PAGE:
Even if the upgrades were to be done, the former terminal building would still suffer from incurable functional obsolescence, owing among other things to its unorthodox interior layout, ceiling heights that are either too high or too low, an energy-inefficient glass envelope, and high levels of asbestos.

ARUP report

The report by ARUP, a global expert in airport planning and engineering, states that the Mirabel terminal complex is completely outdated and has neither the physical capacity nor the proper layout and facilities to accommodate the passenger traffic of an international airport of the scale of Montreal-Trudeau, which will satisfy local needs until at least 2072. Furthermore, the original Mirabel terminal concept, which used passenger transfer vehicles (PTVs), is now outdated.

The former Mirabel terminal building was in operation for 30 years and has been unused for 10 years. It will be nearly 100 years old by the end of the ADM lease in 2072. The reasonable economic life of an airport terminal complex is between 40 and 50 years. Experience elsewhere in the world has shown that demolition is the usual fate of outdated terminal buildings: either new, standards-compliant facilities are built to replace them, or the underlying land is redeveloped.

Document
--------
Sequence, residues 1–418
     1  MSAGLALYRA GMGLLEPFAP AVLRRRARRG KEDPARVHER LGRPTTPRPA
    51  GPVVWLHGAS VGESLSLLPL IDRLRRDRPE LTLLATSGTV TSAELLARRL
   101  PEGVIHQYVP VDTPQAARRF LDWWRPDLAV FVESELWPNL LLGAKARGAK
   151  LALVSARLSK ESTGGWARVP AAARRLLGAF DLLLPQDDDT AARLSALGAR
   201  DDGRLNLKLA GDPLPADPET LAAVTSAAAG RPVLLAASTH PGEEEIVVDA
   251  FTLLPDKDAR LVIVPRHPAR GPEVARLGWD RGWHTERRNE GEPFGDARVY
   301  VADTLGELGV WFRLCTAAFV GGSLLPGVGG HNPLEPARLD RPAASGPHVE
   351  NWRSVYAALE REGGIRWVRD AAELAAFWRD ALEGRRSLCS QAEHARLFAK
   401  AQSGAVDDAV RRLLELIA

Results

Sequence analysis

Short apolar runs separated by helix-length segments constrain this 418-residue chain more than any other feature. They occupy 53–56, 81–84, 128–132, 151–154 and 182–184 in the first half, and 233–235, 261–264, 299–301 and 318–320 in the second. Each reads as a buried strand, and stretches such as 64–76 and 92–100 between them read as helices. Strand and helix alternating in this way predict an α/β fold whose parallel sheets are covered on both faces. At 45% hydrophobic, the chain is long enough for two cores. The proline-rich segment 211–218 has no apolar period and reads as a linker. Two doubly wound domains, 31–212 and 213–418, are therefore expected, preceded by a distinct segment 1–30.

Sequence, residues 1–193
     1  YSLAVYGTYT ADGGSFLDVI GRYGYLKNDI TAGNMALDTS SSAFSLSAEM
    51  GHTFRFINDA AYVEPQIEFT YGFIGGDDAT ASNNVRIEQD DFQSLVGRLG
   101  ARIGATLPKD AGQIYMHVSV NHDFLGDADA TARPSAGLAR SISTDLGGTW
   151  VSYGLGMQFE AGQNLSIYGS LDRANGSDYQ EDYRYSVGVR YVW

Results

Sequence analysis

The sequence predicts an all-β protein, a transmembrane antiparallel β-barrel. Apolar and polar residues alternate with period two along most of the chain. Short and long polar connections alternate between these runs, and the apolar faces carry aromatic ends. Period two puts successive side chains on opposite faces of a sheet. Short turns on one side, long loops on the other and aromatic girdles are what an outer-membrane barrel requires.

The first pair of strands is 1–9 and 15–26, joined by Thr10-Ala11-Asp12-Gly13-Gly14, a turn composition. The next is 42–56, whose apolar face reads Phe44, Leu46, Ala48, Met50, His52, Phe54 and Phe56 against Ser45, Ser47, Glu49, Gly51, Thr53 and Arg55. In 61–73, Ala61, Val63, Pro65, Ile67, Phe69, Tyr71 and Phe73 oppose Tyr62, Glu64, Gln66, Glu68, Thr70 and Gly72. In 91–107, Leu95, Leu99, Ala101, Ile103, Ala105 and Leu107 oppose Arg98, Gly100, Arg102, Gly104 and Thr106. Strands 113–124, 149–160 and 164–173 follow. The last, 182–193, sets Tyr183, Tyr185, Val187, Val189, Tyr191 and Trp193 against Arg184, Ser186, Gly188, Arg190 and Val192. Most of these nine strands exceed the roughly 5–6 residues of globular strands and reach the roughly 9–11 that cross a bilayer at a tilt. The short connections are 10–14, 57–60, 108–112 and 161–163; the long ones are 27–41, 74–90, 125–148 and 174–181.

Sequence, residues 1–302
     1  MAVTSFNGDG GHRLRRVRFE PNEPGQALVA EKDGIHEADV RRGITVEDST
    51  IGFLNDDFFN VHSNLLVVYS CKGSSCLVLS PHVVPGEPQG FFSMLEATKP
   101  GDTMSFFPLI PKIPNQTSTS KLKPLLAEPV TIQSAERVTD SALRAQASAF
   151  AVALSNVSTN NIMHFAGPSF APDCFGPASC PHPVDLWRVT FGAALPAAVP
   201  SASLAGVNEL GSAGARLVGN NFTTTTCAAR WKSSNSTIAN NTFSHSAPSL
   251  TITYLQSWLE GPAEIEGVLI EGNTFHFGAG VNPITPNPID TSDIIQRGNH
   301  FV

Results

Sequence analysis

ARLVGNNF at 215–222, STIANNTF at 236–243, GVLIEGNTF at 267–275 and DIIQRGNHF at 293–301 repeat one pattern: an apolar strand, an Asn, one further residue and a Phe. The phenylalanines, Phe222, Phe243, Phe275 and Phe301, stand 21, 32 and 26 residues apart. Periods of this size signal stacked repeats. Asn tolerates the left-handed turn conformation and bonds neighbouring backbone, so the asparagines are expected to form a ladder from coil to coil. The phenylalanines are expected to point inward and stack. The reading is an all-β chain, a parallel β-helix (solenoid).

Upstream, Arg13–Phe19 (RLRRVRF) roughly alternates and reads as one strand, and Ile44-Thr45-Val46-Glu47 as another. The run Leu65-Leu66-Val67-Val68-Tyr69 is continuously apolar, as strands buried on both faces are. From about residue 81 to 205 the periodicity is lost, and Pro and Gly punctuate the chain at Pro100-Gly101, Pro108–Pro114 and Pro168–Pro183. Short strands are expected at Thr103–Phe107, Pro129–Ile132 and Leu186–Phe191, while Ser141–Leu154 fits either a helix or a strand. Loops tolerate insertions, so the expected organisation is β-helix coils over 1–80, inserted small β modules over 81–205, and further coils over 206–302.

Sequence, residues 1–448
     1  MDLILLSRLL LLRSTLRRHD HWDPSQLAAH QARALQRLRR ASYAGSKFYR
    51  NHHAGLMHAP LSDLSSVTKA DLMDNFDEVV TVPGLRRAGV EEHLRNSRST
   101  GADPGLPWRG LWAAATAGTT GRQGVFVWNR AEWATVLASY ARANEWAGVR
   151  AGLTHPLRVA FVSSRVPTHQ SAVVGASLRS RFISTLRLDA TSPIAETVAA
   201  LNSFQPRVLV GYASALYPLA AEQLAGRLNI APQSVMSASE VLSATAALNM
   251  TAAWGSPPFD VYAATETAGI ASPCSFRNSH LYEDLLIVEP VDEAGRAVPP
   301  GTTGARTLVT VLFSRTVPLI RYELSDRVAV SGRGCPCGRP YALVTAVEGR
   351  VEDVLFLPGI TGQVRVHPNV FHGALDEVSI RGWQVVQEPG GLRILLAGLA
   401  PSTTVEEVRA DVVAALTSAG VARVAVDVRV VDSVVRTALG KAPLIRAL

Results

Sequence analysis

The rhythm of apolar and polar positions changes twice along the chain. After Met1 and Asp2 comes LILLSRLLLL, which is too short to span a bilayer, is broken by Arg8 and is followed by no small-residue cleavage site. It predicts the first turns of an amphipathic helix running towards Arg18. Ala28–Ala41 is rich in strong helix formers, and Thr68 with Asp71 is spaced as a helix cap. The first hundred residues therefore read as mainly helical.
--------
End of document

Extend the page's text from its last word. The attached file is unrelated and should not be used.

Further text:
Economic impact study

Moreover, a recently updated economic impact study reveals that more than 3,700 people work directly for the companies established on the Montreal-Mirabel airport lands, with 86% of them employed in the high-value-added aerospace sector. As a result of the Bombardier Aerospace CSeries project and its spinoff effects, their number is expected to rise in the coming years.

"It's important to distinguish between the airport, which is now a booming industry hub, and the former terminal, a building that has stood unused for nearly 10 years," Mr. Cherry concluded. "Montreal-Mirabel airport is anything but a white elephant. ADM is set to invest a total of $100 million in the facility in the next few years, including $40 million to upgrade Runway 06-24, and our tenants are making major investments as well."

About Aeroports de Montreal

Aeroports de Montreal is the local airport authority that has been responsible for the management, operation and development of Montreal-Trudeau and Montreal-Mirabel international airports since 1992. The Corporation employs more than 650 people at the two airports.

For further information on Aeroports de Montreal and its operations, please visit our website at www.admtl.com.

A map of Montreal-Mirabel is available at: http://media3.marketwire.com/docs/Mirabel.pdf.

The Groupe Altius report is available here: http://media3.marketwire.com/docs/Altius_EN.pdf.

Contacts:
Source:
Christiane Beaulieu
Vice-President, Public Affairs and Communications
514 394-7304